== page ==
Human-Machine System to Enhance Software Analyst Performance

The Cognitive Aid for Vulnerability Analysis project will develop human-machine tools for reducing analyst mental workload and fatigue for improved performance. © Getty Images.

HRL Laboratories Human-Machine Tools Aim to Reduce Analyst Mental Workload and Fatigue for Improved Performance

HRL Laboratories, LLC, has begun development of a system that could potentially assist program analysts searching for vulnerabilities in compiled software. The Cognitive Aid for Vulnerability Analysis (CAVA) project design aims to use  a multi-tiered approach to accelerate reverse-engineering and software comprehension by addressing a gap in human-machine systems that limits their recognition and adaptation to human thought processes—such as attention decay and fatigue—that reduce performance during detection of accidental or malicious vulnerabilities in compiled binaries. The unique knowledge base and demanding workload of program vulnerability analysts using current software tools indicates that future tools will likely induce high workload if they are not properly tuned to the operator’s cognitive state.

“Underlying this project is the concept of sensemaking,” said Principal Investigator Rajan Bhattacharyya. “This is the cognitive process analysts use to deal with difficult tasks by forming, testing, and revising hypotheses behind the causes of what they observe. This involves decision making at many levels: which hypotheses to test first, which information to pay attention to, and which information is trustworthy or deceptive. We will be looking into these thought processes at an unprecedented scope to try to  create software tools and a graphical interface with the goal of reducing analysts’ mental workload and fatigue, and improving their performance.”

“Within the CAVA project, we have five challenges,” Bhattacharyya said. First, we will analyze operator behavior to understand the finer-grained cognitive operations that underlie our observations of their performance in reverse-engineering software for vulnerability discovery. Next, we will hope to build a a sensing system to measure neurocognitive metrics, such as attention and workload, in this real-world task. If that is successful, we hope to use the data and measurements to build a model that simulates an analyst’s cognitive processing and decision-making. At that point we will design and begin building a neuroscience-inspired graphical user interface to improve our measurements going forward. If each of these steps is achieved, the final step will be creation of a system that optimizes the neuroergonomics of our overall analysis using an algorithm that learns from our collected data and adapts the user interface to improve detection and discovery of software vulnerabilities and ease stress for analysts.”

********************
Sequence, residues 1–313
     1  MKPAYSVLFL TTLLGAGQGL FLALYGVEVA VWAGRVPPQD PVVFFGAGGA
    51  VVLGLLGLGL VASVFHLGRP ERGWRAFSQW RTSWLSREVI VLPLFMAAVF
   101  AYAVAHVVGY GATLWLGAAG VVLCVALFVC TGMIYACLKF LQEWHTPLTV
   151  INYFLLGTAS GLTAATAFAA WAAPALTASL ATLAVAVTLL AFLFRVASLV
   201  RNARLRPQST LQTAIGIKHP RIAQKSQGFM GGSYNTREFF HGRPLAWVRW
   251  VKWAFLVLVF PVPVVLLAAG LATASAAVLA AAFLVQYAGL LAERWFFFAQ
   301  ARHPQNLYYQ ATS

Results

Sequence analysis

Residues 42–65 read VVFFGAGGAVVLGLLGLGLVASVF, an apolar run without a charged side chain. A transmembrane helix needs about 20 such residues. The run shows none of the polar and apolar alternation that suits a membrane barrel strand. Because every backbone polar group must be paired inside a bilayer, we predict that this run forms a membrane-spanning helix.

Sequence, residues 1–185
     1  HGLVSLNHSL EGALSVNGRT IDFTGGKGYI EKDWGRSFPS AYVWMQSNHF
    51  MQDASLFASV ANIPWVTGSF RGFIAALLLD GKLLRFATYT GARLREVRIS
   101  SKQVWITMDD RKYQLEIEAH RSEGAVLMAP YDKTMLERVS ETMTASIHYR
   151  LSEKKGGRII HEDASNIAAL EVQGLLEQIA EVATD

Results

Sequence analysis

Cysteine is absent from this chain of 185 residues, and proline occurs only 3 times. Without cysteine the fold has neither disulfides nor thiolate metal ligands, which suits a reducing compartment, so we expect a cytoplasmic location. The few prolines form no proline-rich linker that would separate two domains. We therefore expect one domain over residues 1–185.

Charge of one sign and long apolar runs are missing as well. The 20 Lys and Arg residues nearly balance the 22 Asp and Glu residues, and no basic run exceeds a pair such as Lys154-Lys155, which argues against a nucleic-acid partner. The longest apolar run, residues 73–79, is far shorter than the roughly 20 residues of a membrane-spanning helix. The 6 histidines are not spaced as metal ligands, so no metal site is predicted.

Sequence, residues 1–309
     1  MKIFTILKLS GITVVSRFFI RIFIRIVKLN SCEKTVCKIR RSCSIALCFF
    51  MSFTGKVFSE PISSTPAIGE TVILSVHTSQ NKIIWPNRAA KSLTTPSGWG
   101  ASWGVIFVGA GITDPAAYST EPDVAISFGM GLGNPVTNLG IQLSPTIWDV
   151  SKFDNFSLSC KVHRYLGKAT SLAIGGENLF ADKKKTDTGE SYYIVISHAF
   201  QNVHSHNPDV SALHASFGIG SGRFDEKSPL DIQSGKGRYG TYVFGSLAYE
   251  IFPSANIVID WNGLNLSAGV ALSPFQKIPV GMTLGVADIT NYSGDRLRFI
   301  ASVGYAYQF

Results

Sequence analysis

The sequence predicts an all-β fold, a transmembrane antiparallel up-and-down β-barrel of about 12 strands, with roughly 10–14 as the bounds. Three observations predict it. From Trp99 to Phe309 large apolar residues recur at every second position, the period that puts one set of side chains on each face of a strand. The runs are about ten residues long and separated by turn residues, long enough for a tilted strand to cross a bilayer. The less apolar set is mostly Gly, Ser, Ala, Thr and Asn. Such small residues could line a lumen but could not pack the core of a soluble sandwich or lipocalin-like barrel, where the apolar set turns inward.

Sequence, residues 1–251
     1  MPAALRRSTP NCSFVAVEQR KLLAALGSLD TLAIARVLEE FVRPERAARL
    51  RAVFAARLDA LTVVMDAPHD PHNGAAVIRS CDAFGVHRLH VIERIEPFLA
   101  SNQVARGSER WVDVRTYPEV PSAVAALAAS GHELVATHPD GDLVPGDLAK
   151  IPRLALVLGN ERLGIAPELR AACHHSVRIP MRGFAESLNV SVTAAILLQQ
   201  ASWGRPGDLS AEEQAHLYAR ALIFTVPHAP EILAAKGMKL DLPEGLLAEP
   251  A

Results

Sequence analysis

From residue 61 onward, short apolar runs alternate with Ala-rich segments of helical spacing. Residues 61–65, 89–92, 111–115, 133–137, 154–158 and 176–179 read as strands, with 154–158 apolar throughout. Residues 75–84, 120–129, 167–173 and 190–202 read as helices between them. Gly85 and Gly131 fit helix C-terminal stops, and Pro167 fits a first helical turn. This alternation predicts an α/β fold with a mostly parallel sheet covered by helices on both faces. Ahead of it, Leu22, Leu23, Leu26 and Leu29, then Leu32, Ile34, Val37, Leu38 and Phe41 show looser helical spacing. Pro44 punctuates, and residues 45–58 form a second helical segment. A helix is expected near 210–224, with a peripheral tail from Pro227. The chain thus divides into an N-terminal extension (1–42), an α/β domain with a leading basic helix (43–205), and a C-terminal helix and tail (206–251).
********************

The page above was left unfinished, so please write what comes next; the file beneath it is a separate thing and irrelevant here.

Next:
During this 12-month seedling project, HRL will work with the Naval Information Warfare Center and Carnegie Mellon University to co-design the experiments, utilize subject-matter experts as experimental subjects, and perform the experiments on site to address the first four challenges, while assessing the feasibility of challenge 5 for future work.

This material is based upon work supported by the Defense Advanced Research Projects Agency (DARPA) under Contract No. HR0011-20-C-0141.  Any opinions, findings and conclusions or recommendations expressed in this material are those of the author(s) and do not necessarily reflect the views of DARPA.

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HRL Laboratories, LLC, Malibu, California ( is a corporate research-and-development laboratory owned by The Boeing Company and General Motors specializing in research into sensors and materials, information and systems sciences, applied electromagnetics, and microelectronics. HRL provides custom research and development and performs additional R&D contract services for its LLC member companies, the U.S. government, and other commercial companies.

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